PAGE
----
7. Jim K

    Jim K New Member

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    OK, that information sounds better; believe me, I know how memory can play tricks.

    FB is Maj. Frank Baker, a Springfield Armory inspector assigned to Colt, 1909-1917. RAC is Rinaldo A. Carr, an Army civilain inspector assigned to Colt 1889-1909. The overlap is normal.

    The 1909 was an interesting revolver. It was adopted at a time when the Army desperately wanted a modern, large caliber handgun and no one knew when, if ever, an automatic pistol would be available. So the Army contracted to Colt for New Service revolvers in .45 Colt caliber. But in fact, the Army never used the .45 Colt in those guns. They soon found out that the small rim of the .45 Colt caused it to jump the extractor (the old SAA had a rod ejector) and hang up the gun. So Frankford Arsenal made new ammunition, called the Revolver Cartridge, Caliber .45, Model 1909, with a larger rim. That was the only cartridge ever used in those guns by the Army.

    Incidentally, when the Colt and Savage pistols were being tested leading up to the adoption of the M1911, and both pistols were having problems, two M1909 revolvers were fired, round for round, with the pistols as controls. There were two failures, both the result of cartridges without powder. There were no breakages, no malfunctions, no worn out parts, no replaced parts, no gun related problems at all.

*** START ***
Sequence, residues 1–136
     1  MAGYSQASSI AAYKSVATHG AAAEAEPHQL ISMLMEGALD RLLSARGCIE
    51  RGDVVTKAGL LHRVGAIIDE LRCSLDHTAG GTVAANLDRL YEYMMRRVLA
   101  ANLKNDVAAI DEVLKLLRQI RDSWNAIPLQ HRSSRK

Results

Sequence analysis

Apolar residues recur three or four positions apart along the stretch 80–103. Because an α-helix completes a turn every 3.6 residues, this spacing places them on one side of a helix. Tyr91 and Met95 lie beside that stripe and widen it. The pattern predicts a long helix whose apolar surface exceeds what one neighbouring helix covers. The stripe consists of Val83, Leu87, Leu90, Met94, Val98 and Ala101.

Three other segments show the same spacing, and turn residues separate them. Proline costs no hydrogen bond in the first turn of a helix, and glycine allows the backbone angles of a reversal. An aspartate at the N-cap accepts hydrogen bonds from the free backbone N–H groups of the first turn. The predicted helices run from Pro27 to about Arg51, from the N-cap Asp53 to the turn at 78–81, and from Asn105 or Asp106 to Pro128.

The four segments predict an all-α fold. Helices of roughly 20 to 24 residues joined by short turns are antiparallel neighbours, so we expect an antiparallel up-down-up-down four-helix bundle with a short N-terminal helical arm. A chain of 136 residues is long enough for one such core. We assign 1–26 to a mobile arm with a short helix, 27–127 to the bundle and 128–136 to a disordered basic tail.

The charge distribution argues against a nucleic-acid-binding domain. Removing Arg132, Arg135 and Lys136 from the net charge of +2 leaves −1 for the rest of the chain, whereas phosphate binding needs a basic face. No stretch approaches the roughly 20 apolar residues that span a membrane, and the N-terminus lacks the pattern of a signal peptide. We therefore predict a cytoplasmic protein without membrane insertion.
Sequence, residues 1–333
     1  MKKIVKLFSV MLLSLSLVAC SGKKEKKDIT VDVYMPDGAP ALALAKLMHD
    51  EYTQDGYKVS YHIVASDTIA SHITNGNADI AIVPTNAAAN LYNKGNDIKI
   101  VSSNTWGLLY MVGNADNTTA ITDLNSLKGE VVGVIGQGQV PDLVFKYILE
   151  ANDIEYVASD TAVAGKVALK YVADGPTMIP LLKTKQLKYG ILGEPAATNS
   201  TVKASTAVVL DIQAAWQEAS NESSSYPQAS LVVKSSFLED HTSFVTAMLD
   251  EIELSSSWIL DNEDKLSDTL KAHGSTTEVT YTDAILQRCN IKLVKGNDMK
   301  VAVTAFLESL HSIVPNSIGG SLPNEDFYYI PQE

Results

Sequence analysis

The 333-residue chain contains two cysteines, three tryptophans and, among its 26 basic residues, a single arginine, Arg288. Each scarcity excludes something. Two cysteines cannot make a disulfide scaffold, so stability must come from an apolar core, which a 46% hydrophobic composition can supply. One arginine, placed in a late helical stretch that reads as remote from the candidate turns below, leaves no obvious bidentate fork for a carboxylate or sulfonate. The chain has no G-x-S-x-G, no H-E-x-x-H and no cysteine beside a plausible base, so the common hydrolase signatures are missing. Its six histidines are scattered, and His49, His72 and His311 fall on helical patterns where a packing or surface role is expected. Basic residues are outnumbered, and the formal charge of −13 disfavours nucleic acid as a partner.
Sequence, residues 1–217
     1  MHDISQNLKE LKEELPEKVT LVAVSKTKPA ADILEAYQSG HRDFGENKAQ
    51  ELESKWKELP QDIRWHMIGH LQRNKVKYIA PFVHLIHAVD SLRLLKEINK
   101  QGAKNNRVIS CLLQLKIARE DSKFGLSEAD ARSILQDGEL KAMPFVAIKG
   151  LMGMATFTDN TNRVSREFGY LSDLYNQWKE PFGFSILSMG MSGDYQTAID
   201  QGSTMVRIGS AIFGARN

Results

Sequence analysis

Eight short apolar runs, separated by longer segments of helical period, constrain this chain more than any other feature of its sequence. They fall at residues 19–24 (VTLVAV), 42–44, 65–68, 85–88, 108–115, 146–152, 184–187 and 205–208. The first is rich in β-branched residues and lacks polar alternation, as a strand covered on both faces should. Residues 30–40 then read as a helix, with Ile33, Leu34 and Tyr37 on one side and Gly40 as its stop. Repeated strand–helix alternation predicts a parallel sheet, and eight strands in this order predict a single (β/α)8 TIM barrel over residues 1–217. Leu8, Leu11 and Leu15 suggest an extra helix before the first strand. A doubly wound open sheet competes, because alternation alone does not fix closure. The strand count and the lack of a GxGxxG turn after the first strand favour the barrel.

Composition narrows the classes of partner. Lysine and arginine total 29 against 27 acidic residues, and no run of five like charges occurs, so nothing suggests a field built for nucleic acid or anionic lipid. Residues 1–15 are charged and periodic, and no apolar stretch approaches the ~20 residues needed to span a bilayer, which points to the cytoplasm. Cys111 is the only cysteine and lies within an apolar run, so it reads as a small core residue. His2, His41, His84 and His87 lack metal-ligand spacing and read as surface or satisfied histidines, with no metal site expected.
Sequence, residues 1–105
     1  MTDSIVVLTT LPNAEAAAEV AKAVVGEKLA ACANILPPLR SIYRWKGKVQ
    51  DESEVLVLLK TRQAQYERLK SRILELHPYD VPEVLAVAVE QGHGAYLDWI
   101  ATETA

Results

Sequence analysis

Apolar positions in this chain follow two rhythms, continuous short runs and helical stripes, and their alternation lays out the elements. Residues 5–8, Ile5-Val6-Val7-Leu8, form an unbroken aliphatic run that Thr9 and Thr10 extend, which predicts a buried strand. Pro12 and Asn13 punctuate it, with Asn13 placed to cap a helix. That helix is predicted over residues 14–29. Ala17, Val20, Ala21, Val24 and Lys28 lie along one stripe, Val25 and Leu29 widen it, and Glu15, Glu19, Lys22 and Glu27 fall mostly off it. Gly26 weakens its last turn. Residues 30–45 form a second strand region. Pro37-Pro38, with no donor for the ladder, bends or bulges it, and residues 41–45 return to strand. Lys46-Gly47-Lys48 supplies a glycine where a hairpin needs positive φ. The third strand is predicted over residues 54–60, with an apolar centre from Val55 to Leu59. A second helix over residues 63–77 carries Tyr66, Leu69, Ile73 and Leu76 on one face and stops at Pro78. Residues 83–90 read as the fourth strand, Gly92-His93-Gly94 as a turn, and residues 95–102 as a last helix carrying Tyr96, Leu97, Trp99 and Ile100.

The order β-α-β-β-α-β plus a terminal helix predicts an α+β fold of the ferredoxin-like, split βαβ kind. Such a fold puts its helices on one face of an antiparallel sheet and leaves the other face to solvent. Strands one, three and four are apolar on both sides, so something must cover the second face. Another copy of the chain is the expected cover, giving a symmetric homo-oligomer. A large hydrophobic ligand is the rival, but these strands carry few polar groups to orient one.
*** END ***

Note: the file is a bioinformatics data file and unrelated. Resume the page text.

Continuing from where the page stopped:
Jim
  8. britrecko

    britrecko New Member

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    I have what i am told is a model 1909 colt revolver. On the butt plate is stamped:
    top line U S
    next line below M C
    next line just above the lanyard swivel 1
    next below the lanyard swivel No
    last line 644 This is the last three digits and matches the serial numbered 25644 on the frame just ahead of the swing out cylinder.
    It has colt D A 45 on the left side of the bareel but i do not see any inspector marks anywhere.
    Finally the grips are not wooden but rather the black checkered grips with the colt logo at the top of the grip.Comments as to authenticity please.
  9. Lanrezac

    Lanrezac Active Member

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    Hi, britrecko! I can't comment as to authenticity, but I can tell you that you will get better answers if you can put up some pictures of your gun.
  10. Jim K

    Jim K New Member

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    That gun sounds like the USMC Model 1909. They differ from the Army model in the shape of the grip and the grip material. Also, there are no Army inspectors' marks. For the first 600 guns, the 3-digit butt number (the service number) did not correspond to the serial; for the rest of the 1300 gun contract, the butt number was the last three (or four) of the serial. There is considerable confusion about the USMC Model 1909 serial/service numbering, but the description given seems consistent with what is known and has been published.

    A USMC Model 1909 is a very uncommon gun, but a determination of authenticity and an estimate of value will have to wait for good, clear pictures. There have been many fakes, made from standard civilian New Service or even Model 1917 revolvers.

    Jim